This practical test demonstrates that the dog will welcome being groomed and examined and will permit someone, such as a veterinarian, groomer or friend of the owner, to do so. It also demonstrates the owner's care, concern and sense of responsibility. The evaluator inspects the dog to determine if it is clean and groomed. The dog must appear to be in healthy condition (i.e., proper weight, clean, healthy and alert). The handler should supply the comb or brush commonly used on the dog. The evaluator then softly combs or brushes the dog, and in a natural manner, lightly examines the ears and gently picks up each front foot. It is not necessary for the dog to hold a specific position during the examination, and the handler may talk to the dog, praise it and give encouragement throughout.

Test 4: Out for a walk (walking on a loose lead)
This test demonstrates that the handler is in control of the dog. The dog may be on either side of the handler. The dog's position should leave no doubt that the dog is attentive to the handler and is responding to the handler's movements and changes of direction. The dog need not be perfectly aligned with the handler and need not sit when the handler stops. The evaluator may use a pre-plotted course or may direct the handler/dog team by issuing instructions or commands. In either case, there should be a right turn, left turn, and an about turn with at least one stop in between and another at the end. The handler may talk to the dog along the way, praise the dog, or give commands in a normal tone of voice. The handler may sit the dog at the halts if desired.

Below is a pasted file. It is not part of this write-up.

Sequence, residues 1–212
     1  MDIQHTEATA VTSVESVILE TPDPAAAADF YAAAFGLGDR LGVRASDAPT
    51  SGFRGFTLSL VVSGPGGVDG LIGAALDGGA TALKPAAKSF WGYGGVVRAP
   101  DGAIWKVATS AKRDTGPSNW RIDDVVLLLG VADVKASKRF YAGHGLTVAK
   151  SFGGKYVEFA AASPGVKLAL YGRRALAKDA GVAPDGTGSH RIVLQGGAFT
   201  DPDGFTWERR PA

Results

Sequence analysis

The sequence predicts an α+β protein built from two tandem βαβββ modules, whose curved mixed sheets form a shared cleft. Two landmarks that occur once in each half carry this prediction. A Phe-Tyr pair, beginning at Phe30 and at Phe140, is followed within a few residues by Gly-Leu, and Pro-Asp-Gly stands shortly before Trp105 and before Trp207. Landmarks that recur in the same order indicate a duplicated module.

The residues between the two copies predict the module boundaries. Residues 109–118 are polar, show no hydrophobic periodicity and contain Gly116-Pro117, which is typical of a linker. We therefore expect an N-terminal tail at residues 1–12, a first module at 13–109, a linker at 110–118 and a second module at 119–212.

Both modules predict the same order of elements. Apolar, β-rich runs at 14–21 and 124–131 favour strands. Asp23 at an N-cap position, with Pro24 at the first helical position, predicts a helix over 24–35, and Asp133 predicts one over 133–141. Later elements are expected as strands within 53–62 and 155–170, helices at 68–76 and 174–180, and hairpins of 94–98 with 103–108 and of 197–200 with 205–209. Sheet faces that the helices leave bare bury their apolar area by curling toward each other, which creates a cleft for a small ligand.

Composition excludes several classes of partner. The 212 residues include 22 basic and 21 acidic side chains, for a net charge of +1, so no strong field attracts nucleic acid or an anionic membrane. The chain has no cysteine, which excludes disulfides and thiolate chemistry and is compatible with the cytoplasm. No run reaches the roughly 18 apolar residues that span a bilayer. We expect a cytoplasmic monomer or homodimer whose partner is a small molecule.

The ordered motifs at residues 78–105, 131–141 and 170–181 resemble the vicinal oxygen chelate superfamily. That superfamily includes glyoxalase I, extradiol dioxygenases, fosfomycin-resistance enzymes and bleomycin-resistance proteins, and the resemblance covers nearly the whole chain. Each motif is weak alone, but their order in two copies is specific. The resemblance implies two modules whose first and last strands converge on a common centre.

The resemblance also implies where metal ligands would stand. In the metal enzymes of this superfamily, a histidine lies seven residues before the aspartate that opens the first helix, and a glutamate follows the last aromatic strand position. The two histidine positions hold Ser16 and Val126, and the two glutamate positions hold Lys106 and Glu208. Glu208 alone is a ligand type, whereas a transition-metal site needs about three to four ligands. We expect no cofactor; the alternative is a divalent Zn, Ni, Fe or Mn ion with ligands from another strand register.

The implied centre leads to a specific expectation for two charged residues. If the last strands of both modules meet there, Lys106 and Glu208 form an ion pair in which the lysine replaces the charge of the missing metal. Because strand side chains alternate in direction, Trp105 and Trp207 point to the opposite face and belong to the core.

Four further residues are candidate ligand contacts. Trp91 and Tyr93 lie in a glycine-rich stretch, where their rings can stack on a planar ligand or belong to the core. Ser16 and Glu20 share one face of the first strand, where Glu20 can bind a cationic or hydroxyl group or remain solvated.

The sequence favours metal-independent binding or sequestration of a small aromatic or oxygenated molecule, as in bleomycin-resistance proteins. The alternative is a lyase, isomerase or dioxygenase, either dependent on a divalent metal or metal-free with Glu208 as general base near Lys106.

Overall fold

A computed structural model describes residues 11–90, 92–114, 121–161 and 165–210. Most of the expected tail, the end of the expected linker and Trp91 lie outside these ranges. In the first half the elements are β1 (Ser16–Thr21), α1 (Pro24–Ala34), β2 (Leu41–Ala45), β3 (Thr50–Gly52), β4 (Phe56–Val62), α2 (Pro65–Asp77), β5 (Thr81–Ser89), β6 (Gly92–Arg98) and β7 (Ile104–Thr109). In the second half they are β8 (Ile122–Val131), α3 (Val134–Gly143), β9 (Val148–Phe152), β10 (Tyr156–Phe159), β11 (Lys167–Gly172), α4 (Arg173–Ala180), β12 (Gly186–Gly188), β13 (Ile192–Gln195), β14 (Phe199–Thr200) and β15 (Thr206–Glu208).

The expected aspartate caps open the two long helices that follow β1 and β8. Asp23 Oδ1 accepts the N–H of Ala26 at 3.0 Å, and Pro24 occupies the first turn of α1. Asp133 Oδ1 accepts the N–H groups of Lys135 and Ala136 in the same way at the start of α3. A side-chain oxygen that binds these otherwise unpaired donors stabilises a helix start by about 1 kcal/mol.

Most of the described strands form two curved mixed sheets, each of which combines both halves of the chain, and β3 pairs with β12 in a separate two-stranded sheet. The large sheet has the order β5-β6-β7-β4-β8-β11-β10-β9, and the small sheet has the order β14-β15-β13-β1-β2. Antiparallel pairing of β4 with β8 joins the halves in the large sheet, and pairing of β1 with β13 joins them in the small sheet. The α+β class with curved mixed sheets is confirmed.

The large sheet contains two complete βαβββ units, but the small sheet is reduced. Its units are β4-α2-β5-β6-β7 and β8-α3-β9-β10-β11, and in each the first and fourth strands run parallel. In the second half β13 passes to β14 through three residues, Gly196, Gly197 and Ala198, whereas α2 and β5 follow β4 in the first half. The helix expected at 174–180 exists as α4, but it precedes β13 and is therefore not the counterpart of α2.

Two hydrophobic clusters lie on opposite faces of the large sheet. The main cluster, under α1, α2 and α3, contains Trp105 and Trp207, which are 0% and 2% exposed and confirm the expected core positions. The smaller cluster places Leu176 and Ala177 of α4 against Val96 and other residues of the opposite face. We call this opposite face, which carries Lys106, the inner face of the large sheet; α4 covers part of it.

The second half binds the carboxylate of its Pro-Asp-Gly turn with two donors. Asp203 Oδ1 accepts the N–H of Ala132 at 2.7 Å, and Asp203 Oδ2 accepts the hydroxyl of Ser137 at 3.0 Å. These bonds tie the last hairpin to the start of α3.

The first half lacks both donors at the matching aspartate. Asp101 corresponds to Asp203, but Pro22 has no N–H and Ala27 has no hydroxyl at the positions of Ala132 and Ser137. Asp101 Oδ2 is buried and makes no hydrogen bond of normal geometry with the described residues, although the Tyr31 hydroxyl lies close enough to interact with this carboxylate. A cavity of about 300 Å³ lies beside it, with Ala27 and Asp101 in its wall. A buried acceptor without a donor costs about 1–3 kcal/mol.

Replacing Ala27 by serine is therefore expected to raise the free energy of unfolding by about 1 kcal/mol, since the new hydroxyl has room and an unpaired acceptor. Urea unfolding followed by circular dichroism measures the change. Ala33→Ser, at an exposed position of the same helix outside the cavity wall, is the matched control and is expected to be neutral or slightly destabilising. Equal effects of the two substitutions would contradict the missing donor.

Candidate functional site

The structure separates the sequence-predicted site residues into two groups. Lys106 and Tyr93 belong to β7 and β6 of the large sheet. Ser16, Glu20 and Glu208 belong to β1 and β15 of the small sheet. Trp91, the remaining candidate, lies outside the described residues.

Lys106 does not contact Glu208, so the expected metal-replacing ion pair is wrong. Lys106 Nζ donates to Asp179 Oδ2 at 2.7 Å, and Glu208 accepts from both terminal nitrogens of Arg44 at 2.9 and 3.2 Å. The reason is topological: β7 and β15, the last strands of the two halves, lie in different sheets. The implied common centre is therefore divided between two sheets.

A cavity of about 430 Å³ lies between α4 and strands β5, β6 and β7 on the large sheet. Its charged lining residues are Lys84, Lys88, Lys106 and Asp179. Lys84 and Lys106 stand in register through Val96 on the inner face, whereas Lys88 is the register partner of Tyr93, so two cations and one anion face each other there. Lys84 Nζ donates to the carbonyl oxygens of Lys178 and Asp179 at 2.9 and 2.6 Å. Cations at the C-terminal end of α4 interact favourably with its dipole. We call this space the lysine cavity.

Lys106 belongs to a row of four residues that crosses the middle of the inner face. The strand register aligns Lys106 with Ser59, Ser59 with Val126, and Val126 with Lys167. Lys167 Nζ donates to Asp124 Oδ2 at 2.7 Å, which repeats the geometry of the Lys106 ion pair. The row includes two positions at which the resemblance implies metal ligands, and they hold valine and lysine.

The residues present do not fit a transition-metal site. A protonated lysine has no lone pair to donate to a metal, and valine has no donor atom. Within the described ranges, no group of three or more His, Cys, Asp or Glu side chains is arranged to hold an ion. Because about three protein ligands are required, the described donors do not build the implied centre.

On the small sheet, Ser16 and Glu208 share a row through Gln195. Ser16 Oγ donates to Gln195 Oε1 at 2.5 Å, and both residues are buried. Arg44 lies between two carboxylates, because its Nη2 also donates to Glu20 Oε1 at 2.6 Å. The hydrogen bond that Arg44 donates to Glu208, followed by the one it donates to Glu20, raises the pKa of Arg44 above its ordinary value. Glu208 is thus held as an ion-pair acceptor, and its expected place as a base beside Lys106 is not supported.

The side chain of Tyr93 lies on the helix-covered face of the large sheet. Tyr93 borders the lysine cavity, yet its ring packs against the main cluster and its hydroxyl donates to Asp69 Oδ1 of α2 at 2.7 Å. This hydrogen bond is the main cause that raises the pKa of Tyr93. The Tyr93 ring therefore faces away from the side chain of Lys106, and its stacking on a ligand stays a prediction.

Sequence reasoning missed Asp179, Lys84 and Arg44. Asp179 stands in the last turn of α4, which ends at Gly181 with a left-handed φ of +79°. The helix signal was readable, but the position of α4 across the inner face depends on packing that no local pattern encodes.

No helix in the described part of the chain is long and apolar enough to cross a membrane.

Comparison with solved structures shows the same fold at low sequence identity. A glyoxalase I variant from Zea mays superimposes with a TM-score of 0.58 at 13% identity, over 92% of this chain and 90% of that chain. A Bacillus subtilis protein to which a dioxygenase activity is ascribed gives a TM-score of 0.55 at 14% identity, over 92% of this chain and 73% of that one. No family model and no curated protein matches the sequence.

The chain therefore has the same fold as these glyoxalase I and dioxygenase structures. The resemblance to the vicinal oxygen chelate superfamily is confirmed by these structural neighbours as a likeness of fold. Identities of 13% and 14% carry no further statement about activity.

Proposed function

Test 5: Walking through a crowd
This test demonstrates that the dog can move about politely in pedestrian traffic and is under control in public places. The dog and handler walk around and pass close to several people (at least three). The dog may show some interest in the strangers but should continue to walk with the handler, without evidence of over-exuberance, shyness or resentment. The handler may talk to the dog and encourage or praise the dog throughout the test. The dog should not jump on people in the crowd or strain on the leash.

Test 6: Sit and down on command and Staying in place